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Shiny Ornament Cookies

Shiny Ornament Cookies

I have to admit that sprinkles are still one of my favorite ways to decorate sugar cookies and butter cookies, but there are so many other ways to decorate them that I can’t just stick to the same old sprinkles every time I bake. Frostings and glazes are great to work with. It is even more fun to paint cookies.

Cookie paint can be made with egg yolks and food coloring. Simply mix the two together to create the color you want and brush it on to an unbaked cookie. The egg yolk glaze bakes up to be incredibly shiny and vibrantly colored in the oven. The only downside – and I only say this because some butter cookies are not terribly sweet to begin with – is that unlike sprinkles, the egg yolk paint isn’t sweet and doesn’t add any kind of flavor to the cookie. That said, it’s a plus if your cookies don’t need any extra sugar on top!

In the Christmas spirit, I make a rainbow of colors and painted this batch of Soft Cutout Christmas Cookies to look like ornaments. A round cookie cutter was ideal for creating the ornament shapes, and the colors were so bright that I could keep the designs simple. I put these on display near the Christmas Tree as we ate them.

Shiny Ornament Cookies

Shiny Ornament Cookies
1 batch of Soft Cutout Christmas Cookie Dough, chilled
4 egg yolks
red, yellow, green and blue food coloring

Preheat oven to 350F. Line a baking sheet with parchment paper.
Working with 1 piece of chilled dough at a time, roll out to 1/4-inch thick on a lightly floured surface and use a lightly floured 2-inch cookie cutters to make desired shapes (any size can be used). Transfer cookies to a parchment lined baking sheet. Reroll remaing dough, chilling for a few minutes if it becomes too warm to handle easily. Repeat with second piece of dough.
Place each egg yolk in a small bowl. Add a few drops of food coloring to each yolk and stir well to create desired shades. Add more coloring if necessary.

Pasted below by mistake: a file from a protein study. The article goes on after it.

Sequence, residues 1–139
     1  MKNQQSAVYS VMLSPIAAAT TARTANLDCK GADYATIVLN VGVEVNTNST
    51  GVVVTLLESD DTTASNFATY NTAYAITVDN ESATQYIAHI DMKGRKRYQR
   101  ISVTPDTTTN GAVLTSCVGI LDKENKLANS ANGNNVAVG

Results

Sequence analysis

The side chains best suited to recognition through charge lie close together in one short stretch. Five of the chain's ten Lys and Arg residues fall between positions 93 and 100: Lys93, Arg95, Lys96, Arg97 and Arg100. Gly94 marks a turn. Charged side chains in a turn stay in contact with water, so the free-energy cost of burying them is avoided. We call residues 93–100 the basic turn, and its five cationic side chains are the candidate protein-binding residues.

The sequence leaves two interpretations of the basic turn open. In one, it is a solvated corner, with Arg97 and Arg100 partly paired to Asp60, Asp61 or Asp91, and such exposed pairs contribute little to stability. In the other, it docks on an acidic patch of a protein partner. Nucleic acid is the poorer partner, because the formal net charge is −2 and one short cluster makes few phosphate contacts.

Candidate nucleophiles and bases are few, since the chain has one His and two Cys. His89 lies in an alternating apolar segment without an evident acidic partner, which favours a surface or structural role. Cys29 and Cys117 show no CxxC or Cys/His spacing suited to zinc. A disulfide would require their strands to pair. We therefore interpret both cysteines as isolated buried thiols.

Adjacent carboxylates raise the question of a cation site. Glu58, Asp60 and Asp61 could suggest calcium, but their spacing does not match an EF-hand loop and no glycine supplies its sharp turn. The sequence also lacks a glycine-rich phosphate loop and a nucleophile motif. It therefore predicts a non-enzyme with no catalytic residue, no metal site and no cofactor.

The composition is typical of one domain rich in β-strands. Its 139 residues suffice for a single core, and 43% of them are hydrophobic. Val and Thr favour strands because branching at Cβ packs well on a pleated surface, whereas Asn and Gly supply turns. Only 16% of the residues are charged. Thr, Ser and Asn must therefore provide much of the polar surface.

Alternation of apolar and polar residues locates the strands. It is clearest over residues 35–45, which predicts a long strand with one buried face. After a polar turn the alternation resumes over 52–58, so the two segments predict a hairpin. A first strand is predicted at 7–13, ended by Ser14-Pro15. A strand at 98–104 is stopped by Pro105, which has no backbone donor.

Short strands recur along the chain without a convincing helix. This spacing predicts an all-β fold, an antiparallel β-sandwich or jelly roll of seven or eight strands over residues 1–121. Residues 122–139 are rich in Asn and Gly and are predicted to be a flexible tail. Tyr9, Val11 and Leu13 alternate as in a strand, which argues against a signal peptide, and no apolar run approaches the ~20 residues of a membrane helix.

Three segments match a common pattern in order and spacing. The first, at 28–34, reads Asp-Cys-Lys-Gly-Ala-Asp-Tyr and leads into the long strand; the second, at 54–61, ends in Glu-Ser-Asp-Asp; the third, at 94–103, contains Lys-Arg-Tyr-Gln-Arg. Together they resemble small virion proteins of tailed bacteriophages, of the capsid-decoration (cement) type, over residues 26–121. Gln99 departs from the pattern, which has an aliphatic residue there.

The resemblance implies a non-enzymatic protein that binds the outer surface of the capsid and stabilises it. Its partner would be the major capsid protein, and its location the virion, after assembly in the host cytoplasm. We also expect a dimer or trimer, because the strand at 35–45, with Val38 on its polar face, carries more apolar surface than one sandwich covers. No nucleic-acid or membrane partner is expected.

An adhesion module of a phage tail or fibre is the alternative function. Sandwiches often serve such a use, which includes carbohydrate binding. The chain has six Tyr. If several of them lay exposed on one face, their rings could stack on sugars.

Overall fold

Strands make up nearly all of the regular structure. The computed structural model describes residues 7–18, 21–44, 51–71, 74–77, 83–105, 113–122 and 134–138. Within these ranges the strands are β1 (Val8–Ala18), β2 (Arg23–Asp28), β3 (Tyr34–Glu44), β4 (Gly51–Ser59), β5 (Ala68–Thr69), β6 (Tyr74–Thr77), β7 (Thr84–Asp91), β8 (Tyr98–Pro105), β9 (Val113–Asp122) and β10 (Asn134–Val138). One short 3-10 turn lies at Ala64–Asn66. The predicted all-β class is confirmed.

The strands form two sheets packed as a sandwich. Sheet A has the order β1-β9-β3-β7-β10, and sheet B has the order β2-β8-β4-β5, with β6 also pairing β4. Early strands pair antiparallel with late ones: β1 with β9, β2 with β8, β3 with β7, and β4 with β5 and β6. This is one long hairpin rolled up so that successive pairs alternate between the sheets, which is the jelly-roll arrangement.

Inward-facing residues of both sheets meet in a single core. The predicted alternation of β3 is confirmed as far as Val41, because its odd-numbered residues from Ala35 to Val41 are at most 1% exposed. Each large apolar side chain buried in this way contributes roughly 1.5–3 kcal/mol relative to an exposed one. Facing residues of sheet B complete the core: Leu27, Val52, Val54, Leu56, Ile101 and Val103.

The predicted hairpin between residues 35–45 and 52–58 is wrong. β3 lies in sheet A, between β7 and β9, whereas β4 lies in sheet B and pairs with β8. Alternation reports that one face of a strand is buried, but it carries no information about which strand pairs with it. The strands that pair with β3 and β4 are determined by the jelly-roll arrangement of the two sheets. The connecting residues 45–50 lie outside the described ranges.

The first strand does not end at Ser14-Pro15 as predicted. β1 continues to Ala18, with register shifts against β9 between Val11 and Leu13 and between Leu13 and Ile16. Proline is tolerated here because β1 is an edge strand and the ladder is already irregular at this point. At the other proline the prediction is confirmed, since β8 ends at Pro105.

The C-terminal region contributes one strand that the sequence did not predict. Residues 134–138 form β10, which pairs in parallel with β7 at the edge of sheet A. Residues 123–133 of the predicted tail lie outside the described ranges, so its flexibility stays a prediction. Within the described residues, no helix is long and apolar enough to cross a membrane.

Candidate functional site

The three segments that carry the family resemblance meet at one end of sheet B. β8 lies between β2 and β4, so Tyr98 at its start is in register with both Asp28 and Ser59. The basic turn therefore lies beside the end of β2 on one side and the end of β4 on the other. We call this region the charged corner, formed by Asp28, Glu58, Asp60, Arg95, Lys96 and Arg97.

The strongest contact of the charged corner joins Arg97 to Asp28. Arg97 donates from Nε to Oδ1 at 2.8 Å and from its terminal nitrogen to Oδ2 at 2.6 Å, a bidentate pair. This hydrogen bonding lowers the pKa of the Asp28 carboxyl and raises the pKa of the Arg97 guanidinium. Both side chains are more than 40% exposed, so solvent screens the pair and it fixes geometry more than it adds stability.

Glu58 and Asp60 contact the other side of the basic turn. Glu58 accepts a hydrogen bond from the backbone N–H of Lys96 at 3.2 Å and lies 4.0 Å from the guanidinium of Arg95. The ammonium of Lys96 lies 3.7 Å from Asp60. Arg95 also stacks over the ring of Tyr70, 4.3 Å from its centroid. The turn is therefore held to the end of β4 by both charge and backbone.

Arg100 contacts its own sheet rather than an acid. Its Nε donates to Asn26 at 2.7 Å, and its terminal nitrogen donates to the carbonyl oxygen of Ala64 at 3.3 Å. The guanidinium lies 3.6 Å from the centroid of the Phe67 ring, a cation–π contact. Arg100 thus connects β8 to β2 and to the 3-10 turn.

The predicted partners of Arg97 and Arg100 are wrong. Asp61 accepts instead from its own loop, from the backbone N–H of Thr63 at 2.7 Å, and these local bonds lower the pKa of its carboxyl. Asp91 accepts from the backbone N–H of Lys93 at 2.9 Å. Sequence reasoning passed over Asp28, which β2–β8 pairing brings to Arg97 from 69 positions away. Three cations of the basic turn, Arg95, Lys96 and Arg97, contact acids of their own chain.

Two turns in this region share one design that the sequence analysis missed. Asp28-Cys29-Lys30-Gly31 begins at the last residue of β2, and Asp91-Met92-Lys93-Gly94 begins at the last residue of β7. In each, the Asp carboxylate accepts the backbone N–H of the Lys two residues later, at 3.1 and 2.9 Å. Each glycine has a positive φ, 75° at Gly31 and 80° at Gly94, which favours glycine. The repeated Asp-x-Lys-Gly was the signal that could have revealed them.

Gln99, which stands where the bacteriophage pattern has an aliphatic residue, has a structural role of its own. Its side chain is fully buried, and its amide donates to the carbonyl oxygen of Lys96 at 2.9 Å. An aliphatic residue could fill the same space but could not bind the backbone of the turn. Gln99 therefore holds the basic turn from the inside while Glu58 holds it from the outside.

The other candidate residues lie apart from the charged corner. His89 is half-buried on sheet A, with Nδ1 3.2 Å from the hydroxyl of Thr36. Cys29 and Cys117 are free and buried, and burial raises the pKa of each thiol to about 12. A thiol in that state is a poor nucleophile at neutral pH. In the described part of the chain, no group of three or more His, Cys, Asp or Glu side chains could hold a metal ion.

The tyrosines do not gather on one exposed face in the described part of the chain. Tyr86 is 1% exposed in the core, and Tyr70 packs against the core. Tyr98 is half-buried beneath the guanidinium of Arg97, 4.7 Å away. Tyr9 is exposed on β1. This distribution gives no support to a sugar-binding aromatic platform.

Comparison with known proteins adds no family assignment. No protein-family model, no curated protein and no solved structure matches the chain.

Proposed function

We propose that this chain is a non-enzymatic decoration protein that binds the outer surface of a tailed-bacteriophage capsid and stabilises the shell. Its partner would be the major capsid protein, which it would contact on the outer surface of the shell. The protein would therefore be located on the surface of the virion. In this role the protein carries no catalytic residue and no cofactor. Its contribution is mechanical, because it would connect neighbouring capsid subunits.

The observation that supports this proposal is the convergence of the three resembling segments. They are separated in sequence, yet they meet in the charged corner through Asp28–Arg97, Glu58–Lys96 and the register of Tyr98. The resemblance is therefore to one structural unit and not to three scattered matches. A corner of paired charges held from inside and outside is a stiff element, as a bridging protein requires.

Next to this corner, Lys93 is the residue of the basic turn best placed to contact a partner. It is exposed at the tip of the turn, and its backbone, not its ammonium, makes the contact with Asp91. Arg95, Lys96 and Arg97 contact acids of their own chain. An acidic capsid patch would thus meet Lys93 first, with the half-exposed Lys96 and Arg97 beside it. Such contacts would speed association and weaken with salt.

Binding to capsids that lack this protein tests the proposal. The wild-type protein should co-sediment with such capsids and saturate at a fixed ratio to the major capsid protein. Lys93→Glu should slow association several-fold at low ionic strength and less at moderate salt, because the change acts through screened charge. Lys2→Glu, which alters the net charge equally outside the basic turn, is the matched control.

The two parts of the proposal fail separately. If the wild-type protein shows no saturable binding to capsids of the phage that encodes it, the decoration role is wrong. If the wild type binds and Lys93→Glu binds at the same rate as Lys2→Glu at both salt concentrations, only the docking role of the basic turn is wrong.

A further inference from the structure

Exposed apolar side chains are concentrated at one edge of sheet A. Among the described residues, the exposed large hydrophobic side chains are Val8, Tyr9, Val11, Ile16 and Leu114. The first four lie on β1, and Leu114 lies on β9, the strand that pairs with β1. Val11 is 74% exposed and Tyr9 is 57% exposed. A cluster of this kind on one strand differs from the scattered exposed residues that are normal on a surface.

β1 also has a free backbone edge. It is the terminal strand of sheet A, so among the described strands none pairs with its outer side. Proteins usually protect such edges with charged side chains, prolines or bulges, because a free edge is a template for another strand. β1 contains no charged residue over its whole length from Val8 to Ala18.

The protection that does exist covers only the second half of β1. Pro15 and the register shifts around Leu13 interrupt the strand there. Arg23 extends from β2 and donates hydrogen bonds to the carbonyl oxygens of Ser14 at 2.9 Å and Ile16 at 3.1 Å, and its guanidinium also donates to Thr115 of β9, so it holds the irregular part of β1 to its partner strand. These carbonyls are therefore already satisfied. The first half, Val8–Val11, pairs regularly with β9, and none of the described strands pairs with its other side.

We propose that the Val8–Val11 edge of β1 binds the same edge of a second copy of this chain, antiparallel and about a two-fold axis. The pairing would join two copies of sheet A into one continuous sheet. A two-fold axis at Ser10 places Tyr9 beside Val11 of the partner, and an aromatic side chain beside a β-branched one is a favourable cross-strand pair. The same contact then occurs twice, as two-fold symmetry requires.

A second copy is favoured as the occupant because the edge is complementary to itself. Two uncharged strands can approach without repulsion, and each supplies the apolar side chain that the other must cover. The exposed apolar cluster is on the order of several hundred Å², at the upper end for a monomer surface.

Using a small paintbrush, dip into the egg yolk colors and paint designs directly on the cookies.
When the cookies are painted, they can be baked.
Bake for about 10 minutes until the edges are slightly firm to the touch but cookies are not browned (The bottom of the cookies will be light brown). Larger cookies may take slightly more time.
Cool completely on a wire rack

Makes about 4 dozen cookies.

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  • Mae
    December 15, 2009

    It’s the most beautiful ornament cookies i’ve ever seen. I’m going to try this at home for this coming christmas. Nice tips!

  • Natalie
    December 16, 2009

    I made these last night and was a bit disappointed, but maybe I did something wrong. When the cookies baked up, the egg yolk on top cracked and didn’t look as pretty as your picture.

  • Avanika (Yumsilicious Bakes)
    December 16, 2009

    I love making a few of these to offer a change. They look amazing!

  • Jessica
    December 16, 2009


    Did you use different cookie cutters than the ones you used for your Soft Cutout Christmas Cookies? I noticed the tree’s edges are pointier than the originals.

    Just my OCD wondering!

  • Nicole
    December 16, 2009

    Natalie – It sounds like your oven temperature may have been a little bit too high, that can cause the paint to crack sometimes.

    Jessica – Good observation! Yes, I did!

  • Steve
    December 16, 2009

    Really good looking Christmas cookies.

  • Wisaakah
    December 17, 2009

    Those are so pretty – and bright! I’ve always used egg white, rather than egg yolk, and it’s a bit more like a glaze than a paint. I’ll have to do a side-by-side comparison (good excuse to make more cookies!)

  • mindy
    May 12, 2010

    A very thought provoking article which does touch on the broader issues with the back channel.

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